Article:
The theatrical program will also include three additional shorts that haven’t been nominated. “Dripped” [IMDb]. by Leo Verrier, is a trippy hand-drawn piece about an art thief who does some unusual things with the paintings he steals. Answers a question you may have wondered about: Can you get drunk on art? (Turns out you can.) “Abiogenesis” [IMDb], by Richard Mans, is a CGI sci-fi mini adventure about insectile robots that land on a primitive world for a grand mission. There’s a startling photorealism in both the organic and the machine designs; this could almost be live action shot on another planet. “The Gruffalo’s Child” [IMDb] is the most traditional cartoon of the whole bunch: it’s not only not silent but features an array of famous voice actors, including Helena Bonham Carter, Rob Brydon, Robbie Coltrane, James Corden, Shirley Henderson, John Hurt, and Tom Wilkinson. Based on the beloved children’s book, it’s the story about a “monster” child and her quest to find the “terrible” big bad mouse that lives in the snowy wood. It’s a charming adventure with a just-right level of scares for wee ones… who probably won’t be in the audience for Oscar shorts.

See the official site for showtimes and locations across the U.S., Canada, and Europe.

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US/Canada release date: Feb 1 2013 (VOD Feb 19 2013) | UK release date: Feb 24 2013

MPAA: not rated
BBFC: not rated

viewed at home on a small screen

official site | IMDb
more reviews: Rotten Tomatoes
  • http://www.rogue-penguin.com TempestDash

    I loved Wreck-It Ralph in theaters, but I could have left after the Paperman short and been satisfied that my $9 was well spent.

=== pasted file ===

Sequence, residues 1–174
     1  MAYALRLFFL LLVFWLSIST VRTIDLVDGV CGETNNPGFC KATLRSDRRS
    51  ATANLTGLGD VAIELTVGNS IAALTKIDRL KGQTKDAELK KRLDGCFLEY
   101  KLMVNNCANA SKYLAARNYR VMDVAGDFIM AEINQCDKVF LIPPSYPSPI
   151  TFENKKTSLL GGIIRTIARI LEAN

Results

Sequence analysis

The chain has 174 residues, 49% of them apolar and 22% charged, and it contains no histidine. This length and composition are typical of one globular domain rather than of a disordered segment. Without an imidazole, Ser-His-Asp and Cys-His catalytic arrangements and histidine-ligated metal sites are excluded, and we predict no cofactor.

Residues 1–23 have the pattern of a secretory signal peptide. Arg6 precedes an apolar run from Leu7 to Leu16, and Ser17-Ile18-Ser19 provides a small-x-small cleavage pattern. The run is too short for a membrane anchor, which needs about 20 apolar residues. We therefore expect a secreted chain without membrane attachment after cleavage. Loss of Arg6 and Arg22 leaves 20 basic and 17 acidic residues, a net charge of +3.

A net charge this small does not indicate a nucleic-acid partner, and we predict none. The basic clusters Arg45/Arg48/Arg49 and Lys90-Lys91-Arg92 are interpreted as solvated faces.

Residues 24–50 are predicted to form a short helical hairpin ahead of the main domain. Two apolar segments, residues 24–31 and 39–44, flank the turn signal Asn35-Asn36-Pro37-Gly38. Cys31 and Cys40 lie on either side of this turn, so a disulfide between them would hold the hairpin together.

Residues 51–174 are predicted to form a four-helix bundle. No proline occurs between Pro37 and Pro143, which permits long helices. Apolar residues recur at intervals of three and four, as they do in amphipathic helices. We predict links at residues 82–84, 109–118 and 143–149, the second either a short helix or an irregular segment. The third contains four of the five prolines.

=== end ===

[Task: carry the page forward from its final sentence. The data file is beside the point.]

• RogerBW

    I wonder how people are expected to see these, in the normal run of things. Before another film in the cinema is fair enough, but that’s only one of the shorts listed here; why would one not release them all on YouTube? What’s the monetisable market that’s hollowed out by letting people watch them without charge?

    Anyway, did like Paperman, which just barely avoided being stalkery; enjoyed Fresh Guacamole, though I didn’t immediately think of it as “best of the best, awards material”.

  • Jan_Willem

    Actually, all of them can currently be viewed on YouTube, except for the Simpsons short, which you can easily find elsewhere if you Google its title.

  • Patrick

    The Simpsons short was brilliant.

    The bit where Maggie’s intelligence is analyzed and is placed in the spirit-crushing “nothing special” area with “Realistic Rabbit Says: You Have No Future” did more in 30 seconds to indict the American education system than it took hours for Waiting for Superman to come close in accomplishing.

    That’s the Matt Groening genius.

  • http://www.facebook.com/StephanieMClarkson Stephanie Clarkson

    Adam and Dog; watched it yesterday.

    http://youtu.be/wtTQ9dPGBqg